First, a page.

Hiking at Sandrock Cliffs (St. Croix Falls, WI) 01-May-2023

Today was cool and breezy but otherwise sunny, with no rain, snow, or gloom anywhere. The forecast calls for sun and warmth for many days ahead – with only a hint of a refreshing shower (maybe). So, yes, we are now willing to say that Spring – that elusive rascal – has FINALLY ARRIVED! Yeah plus! πŸ˜‚πŸŒΌπŸ˜Ž

To celebrate this blessed event, we journeyed across the wide St. Croix River to explore a hike (new to us) at the Sandrock Cliffs on the Wisconsin πŸ§€ side. The attraction here, aside from the fact we hadn’t previously visited, was a walk along the St. Croix to see the sandstone remnants of an ancient sea.

The trail guide offered 5 loops (A to E) that, if strung together correctly, would total 5 miles (8 km) – a 3 mile (4.8 km) set south of the campground on Tennessee Road and a 2 mile (3.2 km) set north of it. Seemed simple enough.

We parked at the Highway 70 Landing parking lot and went north along the St. Croix on the western side of the southern loop. We were now far enough north to be in forests with a greater number of various conifers.

Leaving the trailhead

The river was still running high (but below flood stage) and it was clear that it had risen high enough at one time to reach the trail. We had to bypass a large puddle by walking through the forest. Fortunately this was the only section of the southern loop like this.

A section the trail was still flooded
Reflections in the trail
On drier ground through a stand of pines
Jumping a spot of minor flooding
An island in the river
An island under the clouds
On through the forest
Above the sandstone cliffs

The sandstone cliffs sit below the trail along a side channel separated from the main river channel by an island. To actually see the cliffs, we had to make a short scramble down to river level. We suppose that when the river is lower, it might be possible to get a bigger view of the cliffs from below – but that wasn’t happening today.

The cliffs from today’s river level
Lots of carvings in the soft sandstone
Sandstone cliff

From the cliffs, we continued on to the campground and small dock (currently under water) at the end of Tennessee Road. The southern trail (except for a few wet spots) had been wide, clear, and easy to follow. We (foolishly as it turned out) expected it to stay that way on the loop north of the campground.

Well, the northern loop started out wide and easy to follow – up to another big flooded section. We worked our way around that, found the trail again, and followed it to an excellent campsite with a commanding view of the St. Croix.

The northern loop started well…
And then went underwater…
Before taking us to a great campsite on the bank of the St. Croix

From the campsite, the northern loop trail follows the river for a while, then swings inland and doubles back to Tennessee Road. The trail along the river started out reasonably well but then got fainter and fainter before dropping us in a big meadow.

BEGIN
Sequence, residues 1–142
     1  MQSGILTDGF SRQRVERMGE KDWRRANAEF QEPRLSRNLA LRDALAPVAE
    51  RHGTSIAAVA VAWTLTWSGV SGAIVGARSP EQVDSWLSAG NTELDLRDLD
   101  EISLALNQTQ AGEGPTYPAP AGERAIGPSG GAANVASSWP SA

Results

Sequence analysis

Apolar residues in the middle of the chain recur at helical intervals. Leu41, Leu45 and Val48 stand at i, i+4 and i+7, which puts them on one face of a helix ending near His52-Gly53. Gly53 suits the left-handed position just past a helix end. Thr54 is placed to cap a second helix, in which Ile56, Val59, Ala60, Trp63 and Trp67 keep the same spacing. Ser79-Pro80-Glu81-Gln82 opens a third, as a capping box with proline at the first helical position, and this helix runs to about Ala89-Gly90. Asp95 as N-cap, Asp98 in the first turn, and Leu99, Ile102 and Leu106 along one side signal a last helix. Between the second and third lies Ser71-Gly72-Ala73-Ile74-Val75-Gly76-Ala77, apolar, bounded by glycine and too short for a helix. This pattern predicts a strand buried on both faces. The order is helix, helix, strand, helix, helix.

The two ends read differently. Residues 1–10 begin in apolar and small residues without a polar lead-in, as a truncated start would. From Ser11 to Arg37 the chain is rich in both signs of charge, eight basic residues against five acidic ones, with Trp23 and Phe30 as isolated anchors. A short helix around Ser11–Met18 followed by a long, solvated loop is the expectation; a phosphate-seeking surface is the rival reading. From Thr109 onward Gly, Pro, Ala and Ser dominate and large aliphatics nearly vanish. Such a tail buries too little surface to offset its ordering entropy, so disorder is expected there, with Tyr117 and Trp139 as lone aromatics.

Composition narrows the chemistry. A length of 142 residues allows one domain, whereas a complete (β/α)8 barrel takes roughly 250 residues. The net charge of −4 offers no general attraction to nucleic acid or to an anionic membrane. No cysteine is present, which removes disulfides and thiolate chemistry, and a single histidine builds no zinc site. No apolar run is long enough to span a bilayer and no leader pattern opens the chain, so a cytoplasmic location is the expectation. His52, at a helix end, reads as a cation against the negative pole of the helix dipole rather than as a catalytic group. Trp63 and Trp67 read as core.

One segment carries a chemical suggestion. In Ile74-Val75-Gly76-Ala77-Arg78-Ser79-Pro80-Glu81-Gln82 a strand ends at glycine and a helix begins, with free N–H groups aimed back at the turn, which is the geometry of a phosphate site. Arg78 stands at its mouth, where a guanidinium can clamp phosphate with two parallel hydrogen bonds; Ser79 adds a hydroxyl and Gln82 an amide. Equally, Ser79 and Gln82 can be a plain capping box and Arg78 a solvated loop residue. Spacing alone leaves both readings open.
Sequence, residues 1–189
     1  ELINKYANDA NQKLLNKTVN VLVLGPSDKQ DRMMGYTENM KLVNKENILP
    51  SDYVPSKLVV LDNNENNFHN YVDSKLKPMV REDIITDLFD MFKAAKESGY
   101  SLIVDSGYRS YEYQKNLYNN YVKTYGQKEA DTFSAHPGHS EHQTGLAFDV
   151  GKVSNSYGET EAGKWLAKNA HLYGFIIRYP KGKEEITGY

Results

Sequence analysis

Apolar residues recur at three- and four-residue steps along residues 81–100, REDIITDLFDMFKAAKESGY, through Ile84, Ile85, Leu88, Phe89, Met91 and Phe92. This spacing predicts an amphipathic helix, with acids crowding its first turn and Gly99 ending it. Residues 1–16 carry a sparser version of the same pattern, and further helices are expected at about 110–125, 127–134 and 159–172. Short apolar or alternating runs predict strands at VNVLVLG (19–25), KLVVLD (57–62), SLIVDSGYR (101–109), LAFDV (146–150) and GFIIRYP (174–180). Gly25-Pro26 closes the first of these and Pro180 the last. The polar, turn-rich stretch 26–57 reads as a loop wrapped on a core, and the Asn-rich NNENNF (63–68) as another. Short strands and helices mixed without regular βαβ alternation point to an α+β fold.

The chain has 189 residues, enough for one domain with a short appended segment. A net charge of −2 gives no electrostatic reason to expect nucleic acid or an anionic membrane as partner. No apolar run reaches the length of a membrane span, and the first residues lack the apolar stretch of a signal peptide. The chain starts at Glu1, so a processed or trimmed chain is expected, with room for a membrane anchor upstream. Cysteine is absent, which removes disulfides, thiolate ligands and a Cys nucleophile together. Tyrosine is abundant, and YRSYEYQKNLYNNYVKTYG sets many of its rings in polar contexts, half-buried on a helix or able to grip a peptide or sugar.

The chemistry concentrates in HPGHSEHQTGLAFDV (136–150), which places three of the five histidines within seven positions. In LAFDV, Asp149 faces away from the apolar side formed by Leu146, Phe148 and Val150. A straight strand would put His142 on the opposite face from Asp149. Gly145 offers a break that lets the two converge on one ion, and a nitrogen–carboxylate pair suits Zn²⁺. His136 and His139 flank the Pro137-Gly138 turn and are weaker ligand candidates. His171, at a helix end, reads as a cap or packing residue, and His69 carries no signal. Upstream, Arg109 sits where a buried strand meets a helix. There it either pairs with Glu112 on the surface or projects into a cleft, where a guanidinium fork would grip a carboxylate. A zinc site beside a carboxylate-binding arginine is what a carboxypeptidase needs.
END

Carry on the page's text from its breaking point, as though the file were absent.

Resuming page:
Going north started well…
But left us in a big meadow
We start to chart our own course back

The meadow was crossed by game trails but none that looked like a people trail. We eventually settled on a trail (that may have been a road long ago) that looked a tiny bit more obvious than the others and went in the right direction. Later, we would discover that we’d found a trail marked on the USGS topo – a map that is now 30+ years old.

We actually followed a trail shown only on the old USGS map

Following this “trail” wasn’t too hard – doing so just involved frequent, painful contact with spine-laden plants. 😒 Blood was drawn. We worried about ticks (which are out and active now) but less so than about significant blood loss. After a physically short, but psychologically long, march, we got back to the road and the campground.

From there, we returned on the good, wide, spine-free trail on the eastern side of the southern loop. The journey was uneventful except for wildflowers, a snake, and a huge nest.

Going back on the east side of the southern loop
Round-lobed Hepatica – another early Spring wildflower
Continuing on…
Eastern garter snake
Complete with forked tongue
Doing its best to look fierce
On through the conifers
One of two massive (eagle ?) nests we saw today
Almost done…

We managed to do 4.4 miles (7 km) between the two loops. We might have been able to reach the reported 5 miles (8 km) if we’d doubled-back on some of the smaller loops – something we were absolutely not going to do on the northern loop (even if we had found the “right” trail).

But flooding and trail finding and spines aside, this was a fun walk on a truly glorious Spring day! We were happy to let this day help us forget about the overly enthusiastic Winter we just got finished with. More than happy…

With a 1.5 hour drive home ahead, we weren’t planning on stopping for lunch. But who could resist a restaurant called the Grumpy Minnow? We couldn’t and went to their original location on Rush Lake to help us recover from the travail of hiking through the spiny woods. πŸ₯€πŸ” And it was good. πŸ˜‹ And we were restored. 😁

Our two loops starting from the Highway 70 parking lot

4 thoughts on “Hiking at Sandrock Cliffs (St. Croix Falls, WI) 01-May-2023

Add yours

  1. Other than the snake (which you got way too close to for me), I very much enjoyed hiking with you in Wisconsin. I’m thankful, too, that spring has sort of, maybe, finally, arrived. But this is Minnesota and we’ve had s**w in May.


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